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Spre - STS Strip-Tilled Corn Doesn't Measure Up In Nebraska Trial

Strip-Tilled Corn Doesn't Measure Up in Nebraska Trial

Source: University of Nebraska

Feb. 9, 2010 — Strip-tilled corn yielded 3.7% less, had the highest grain-moisture content and the lowest test weight in a 2009 University of Nebraska fertilizer-placement research trial, according to university scientists Glen P. Slater and Richard B. Ferguson.

Sustained high fertilizer costs make it important to explore innovative options to manage nitrogen and phosphorus fertilizers more efficiently and effectively. The 2009 demonstration evaluated various nitrogen fertilizer application methods and their impact on crop health and yield for irrigated corn production.

Study Site and Treatments
An 18-acre demonstration site was used at the UNL South Central Agricultural Laboratory (SCAL) research farm in Clay County, Neb. The predominant soil type present was Hastings silt loam.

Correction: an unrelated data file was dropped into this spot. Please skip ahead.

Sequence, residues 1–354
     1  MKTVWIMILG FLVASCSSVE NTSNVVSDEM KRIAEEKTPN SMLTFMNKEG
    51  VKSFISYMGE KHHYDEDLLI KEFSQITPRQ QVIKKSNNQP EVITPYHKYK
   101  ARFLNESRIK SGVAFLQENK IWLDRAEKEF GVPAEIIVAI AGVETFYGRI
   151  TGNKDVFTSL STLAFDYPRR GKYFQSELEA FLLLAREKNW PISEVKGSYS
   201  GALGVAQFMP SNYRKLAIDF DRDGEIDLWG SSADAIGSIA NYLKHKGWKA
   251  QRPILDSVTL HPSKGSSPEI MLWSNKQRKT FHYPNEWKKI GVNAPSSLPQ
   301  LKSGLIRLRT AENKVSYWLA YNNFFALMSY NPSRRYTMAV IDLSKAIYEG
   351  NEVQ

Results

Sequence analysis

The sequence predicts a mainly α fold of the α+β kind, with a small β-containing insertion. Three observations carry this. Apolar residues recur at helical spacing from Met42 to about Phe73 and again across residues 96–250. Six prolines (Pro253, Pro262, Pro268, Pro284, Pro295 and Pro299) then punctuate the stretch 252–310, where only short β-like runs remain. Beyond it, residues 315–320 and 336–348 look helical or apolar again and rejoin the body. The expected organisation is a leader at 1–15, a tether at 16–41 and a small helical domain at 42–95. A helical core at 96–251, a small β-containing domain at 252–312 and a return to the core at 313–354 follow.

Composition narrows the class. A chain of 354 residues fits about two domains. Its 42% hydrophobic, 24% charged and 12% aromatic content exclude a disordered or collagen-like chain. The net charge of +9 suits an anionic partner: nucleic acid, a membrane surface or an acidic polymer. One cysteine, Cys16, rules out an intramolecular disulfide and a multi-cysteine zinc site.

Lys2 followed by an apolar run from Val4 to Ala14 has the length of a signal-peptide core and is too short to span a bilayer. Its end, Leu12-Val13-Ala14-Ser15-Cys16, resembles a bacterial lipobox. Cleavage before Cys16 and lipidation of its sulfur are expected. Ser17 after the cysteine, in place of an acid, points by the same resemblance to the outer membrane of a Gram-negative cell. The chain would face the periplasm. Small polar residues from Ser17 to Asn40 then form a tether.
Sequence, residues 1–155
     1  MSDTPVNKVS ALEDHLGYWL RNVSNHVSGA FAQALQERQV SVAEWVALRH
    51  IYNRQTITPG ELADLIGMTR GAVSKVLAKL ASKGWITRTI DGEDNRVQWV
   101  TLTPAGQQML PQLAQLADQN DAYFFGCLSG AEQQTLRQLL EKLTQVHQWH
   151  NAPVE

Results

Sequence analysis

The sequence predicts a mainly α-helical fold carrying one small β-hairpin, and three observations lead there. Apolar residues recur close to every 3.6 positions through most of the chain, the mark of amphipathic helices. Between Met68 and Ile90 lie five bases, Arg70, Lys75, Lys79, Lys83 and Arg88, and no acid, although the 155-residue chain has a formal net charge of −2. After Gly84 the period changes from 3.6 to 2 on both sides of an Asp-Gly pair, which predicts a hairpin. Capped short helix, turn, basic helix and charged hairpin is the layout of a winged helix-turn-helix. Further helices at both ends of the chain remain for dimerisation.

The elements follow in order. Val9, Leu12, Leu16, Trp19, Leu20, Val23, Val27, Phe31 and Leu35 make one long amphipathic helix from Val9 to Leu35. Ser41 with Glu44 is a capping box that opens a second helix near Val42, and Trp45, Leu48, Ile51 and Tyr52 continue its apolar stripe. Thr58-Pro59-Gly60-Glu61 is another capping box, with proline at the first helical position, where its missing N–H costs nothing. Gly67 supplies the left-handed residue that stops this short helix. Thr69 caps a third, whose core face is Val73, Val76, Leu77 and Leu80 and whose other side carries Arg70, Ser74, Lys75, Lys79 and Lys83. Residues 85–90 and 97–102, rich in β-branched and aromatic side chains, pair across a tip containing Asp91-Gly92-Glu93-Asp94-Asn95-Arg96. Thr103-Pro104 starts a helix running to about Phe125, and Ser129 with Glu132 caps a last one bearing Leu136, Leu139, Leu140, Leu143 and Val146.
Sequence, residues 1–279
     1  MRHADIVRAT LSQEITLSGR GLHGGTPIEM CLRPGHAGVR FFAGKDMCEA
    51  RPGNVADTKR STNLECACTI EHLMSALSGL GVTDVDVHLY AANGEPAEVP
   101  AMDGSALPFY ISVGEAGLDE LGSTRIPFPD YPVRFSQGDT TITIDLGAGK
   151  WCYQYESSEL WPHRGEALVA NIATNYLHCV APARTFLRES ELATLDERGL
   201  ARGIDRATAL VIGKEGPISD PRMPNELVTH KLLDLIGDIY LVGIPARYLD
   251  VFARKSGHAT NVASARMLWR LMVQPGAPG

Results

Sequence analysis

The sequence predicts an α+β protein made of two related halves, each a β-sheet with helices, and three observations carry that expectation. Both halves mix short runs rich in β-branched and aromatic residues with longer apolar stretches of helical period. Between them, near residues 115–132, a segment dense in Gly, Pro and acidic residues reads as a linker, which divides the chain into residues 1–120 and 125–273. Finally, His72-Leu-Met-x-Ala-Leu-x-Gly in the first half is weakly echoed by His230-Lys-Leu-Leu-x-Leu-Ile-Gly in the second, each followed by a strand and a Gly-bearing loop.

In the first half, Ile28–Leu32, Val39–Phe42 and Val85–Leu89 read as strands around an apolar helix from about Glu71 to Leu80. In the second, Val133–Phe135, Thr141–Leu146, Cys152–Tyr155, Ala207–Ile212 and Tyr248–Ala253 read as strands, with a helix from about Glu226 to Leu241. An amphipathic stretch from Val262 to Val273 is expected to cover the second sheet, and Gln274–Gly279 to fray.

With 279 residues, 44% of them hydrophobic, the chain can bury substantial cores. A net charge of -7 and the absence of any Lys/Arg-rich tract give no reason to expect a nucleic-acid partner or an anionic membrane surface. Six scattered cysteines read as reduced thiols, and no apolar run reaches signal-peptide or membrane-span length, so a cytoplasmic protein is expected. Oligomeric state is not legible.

Agronomic activities included pre-plant and sidedress fertilizer application, ridge-till planting and furrow irrigation. Other than fertilizer application, management practices (hybrid, pesticides, irrigation, etc.) remained uniform across the entire study to optimize yield potential.


The soils of this location and the production system used are typical of irrigated corn production in the south-central region of Nebraska. The previous crop at this location was soybeans (65 bushels per acre yield in 2008).

Spring soil sampling took place February 25. Pre-plant fertilizer treatment application took place March 19 in conjunction with a SCAL Crop Clinic. The corn — Pioneer Hi-Bred 33D47-RR — was planted April 20.

The field-length treatment strip dimensions were 8 rows (20 feet) wide by 1,230 feet long. The study was a randomized, complete-block design with nine treatments and three replications.